Thursday, March 10, 2011

Sara dispenses unsolicited advice about: BODY MODS

(Image credit here)

Tattoos and piercings are becoming increasingly mainstream. Some argue this is because my generation lacks some other, perhaps more definitive, rite of passage.

Maybe, but I'd also like to think it's because my generation finds diversity of body types not only acceptable, but fantastic. I've always had a deep admiration and respect for tattoo artists and body modification as a form of artistry.

So, as someone who has cultivated a love for body modification for may years (*ahem*voted in high school "Most Likely to become a Tattoo Artist"*ahem*) and has a couple of friends in the business- allow me to present to you my personal                                                                     
DO'S and DON'TS.


+ Research potential risks and complications of piercings. Though I wouldn't say it's the ultimate authority, BMEzine is a good place to start.
+ Respect that tattoos are forever. Removal sucks. Respect your body and invest some time in to the design  and placement of your piece.
+ Develop a working relationship with a reputable artist.

How do you know if they're reputable? Here's some tips
- Look for health department certification in the shop (it takes 30 seconds to Google your local state law requirements).
- Ask to look at a potential artists portfolio (you can often get a feel for their style on their website, if they have one, but talk to the artist in person before you get tattooed and ask for a portfolio of HEALED pieces).
- Ask around. If I spy a person with a nice tattoo, I find is it perfectly acceptable to politely ask , "Your tattoo is amazing. Who is your artist?" Gain a consensus.

+ Take care of your piercing or tattoo! Do what your artist says and when in doubt, call the shop.
+ Be prepared to spend some money. If you can't afford to get it, you can't afford to fix it when it fucks up. I generally avoid any shop that advertises being cheap because... ya get what you pay for, which may in fact be a staph infection if you base your choices on who's cheap.
+ Let the artist be an artist. Don't just Google Image Search or pick flash off the wall and slap it on. Cater the piece to you via your artist.
+ For piercings, be aware of what type of metal the jewelry is. Generally, it's best to stick with solid (not plated) metals.
+ Wear sunscreen. Especially over a lovely, healed tattoo that you want to keep looking nice.
+ Tip the artist. They will remember you fondly for it. You want to be in good graces with someone who's gonna be poking you with sharp objects.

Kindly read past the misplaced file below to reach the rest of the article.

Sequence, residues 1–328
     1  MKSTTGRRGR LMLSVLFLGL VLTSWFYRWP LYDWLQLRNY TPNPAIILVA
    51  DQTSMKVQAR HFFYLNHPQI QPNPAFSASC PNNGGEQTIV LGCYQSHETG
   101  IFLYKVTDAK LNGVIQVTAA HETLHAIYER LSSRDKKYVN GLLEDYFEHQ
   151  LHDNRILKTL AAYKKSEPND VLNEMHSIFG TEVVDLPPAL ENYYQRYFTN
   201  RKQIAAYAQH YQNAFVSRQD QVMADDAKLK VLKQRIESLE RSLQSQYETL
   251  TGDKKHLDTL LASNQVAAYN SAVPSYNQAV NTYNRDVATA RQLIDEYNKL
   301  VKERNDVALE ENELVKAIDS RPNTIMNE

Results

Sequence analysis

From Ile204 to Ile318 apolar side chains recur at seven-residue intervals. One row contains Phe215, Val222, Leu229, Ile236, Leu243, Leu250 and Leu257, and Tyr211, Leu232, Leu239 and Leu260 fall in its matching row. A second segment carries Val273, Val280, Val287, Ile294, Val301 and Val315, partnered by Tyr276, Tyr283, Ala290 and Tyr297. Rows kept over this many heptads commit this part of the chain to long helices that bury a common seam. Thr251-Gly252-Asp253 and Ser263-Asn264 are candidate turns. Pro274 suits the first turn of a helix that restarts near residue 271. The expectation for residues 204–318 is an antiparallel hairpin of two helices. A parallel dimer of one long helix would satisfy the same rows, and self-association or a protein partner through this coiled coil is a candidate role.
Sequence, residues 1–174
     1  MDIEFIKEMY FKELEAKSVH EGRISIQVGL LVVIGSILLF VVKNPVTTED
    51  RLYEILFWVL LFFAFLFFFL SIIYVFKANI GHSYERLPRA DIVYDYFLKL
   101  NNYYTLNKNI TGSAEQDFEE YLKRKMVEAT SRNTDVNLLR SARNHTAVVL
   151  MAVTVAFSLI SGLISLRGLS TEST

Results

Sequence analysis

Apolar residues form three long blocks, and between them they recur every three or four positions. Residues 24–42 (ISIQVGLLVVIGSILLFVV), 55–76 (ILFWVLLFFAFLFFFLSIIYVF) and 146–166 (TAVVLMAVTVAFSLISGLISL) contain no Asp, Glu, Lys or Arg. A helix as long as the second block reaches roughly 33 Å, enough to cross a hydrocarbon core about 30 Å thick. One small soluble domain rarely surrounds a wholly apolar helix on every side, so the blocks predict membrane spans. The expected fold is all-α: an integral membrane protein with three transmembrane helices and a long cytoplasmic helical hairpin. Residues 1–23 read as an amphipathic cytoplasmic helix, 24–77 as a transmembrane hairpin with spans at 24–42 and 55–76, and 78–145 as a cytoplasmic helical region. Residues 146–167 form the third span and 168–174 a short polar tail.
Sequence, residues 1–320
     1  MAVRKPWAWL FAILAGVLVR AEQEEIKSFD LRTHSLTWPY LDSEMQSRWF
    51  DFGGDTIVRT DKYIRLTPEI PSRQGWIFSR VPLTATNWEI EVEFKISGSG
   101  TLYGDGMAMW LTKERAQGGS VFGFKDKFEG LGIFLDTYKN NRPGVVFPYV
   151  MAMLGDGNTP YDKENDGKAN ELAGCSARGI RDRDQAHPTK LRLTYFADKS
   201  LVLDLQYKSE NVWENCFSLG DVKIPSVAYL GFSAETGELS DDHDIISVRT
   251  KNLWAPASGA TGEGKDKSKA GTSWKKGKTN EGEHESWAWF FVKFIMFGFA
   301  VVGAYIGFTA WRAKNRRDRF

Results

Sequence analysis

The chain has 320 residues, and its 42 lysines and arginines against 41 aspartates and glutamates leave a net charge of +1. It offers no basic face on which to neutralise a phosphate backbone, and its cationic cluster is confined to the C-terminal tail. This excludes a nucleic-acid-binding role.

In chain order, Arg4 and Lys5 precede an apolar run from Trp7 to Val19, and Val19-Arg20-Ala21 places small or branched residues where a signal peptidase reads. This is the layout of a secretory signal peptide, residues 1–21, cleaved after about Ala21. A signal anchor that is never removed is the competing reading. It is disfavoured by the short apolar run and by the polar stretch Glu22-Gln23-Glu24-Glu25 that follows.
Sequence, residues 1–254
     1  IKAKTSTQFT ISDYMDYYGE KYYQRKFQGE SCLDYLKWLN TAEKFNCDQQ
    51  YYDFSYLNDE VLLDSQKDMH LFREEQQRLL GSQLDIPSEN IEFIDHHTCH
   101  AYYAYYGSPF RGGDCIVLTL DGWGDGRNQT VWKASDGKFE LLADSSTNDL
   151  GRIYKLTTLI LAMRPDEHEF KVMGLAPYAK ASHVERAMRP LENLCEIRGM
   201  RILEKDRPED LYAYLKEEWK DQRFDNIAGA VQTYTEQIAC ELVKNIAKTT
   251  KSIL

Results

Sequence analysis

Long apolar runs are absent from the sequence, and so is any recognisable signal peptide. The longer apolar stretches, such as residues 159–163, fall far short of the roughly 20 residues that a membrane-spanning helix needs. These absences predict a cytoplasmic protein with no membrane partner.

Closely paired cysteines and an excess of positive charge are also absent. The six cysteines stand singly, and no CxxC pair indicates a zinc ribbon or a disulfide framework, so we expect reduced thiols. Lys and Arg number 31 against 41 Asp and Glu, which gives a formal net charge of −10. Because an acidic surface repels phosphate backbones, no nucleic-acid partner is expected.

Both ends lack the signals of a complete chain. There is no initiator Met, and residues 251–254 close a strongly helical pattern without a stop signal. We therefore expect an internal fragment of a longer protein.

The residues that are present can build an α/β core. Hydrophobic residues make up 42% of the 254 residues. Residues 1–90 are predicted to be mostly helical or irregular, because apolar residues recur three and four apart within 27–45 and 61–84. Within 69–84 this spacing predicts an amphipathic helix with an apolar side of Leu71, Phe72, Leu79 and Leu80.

+ Be aware that some people have tendencies to have reactions to some types/colors of ink (red and white ink especially). Be aware that no tattoo ink is FDA approved. Concerned about what's in the ink? Vegan? Talk to your shop!
+ Be aware that very few piercings (in my experience) are forever. Be prepared for keloiding, rejection, and potential scarring. However, for earlobe stretching/gauging, there is a certain point where the lobes will not shrink back down.
+ Consider the potential for issues with your job or school when it comes to visible body modification.
+ For lip/tongue/facial piercings, be aware of the potential for gum erosion or tooth damage.
+ Carefully research any tattoo concept that's in a foreign language or characters. Check your spelling on lettering a million times.
+ For beautiful people of color- I encourage you to look at your tattoo concept on brown-toned paper. I've had friends who really liked their concept when it was drawn up, but were disappointed when it looked different on their skin. Laughably, my skin is about the color of printer paper, but get thee to a craft store and print your idea out on paper that is similar to your skin tone.


+ Over-care for your tattoo/piercing. Do what your artist says and don't hesitate to ask if there's concern, but don't OVER-WASH it either. Sometimes the best practice is LITHA (leave it the hell alone). Be aware of what an infection can look like, but over-washing can be detrimental to the healing process by taking away the body's natural healing gooey scabby goodness.
+ Do not pick or scratch your healing tattoo. Pat it.
+ Go to a tattoo shop drunk/high. Be present!
+ Copy someone else's design. That's just tacky.
+ Get a tattoo because it's trendy, but don't poopoo an idea just because it's popular. I've seen a few tribal pieces in person recently that look amazing. 
+ Ask tattooed/pierced people dumbass/prodding questions. 

Let me help you people (and you know who you are) by answering all these questions right now:
-Yes, it hurt but pain is subjective.
-No you can't touch it.
-It's none of your damn business as to what it means.

Now this is in no way and exhaustive list, but it's a good place to start if you're considering a tattoo or piercing. Some of you may be wondering, so I'll go ahead and be nice. I have 3 tattoos and 3 piercings. I've started a Pintrest Board if you're interested in how I would describe my tattoo style. What's yours?

1 comment:

  1. Thanks for posting this. I waited until I had tenure at work to start getting tattoos, and I always took my idea into the shop and asked the manager who would be best for that piece.

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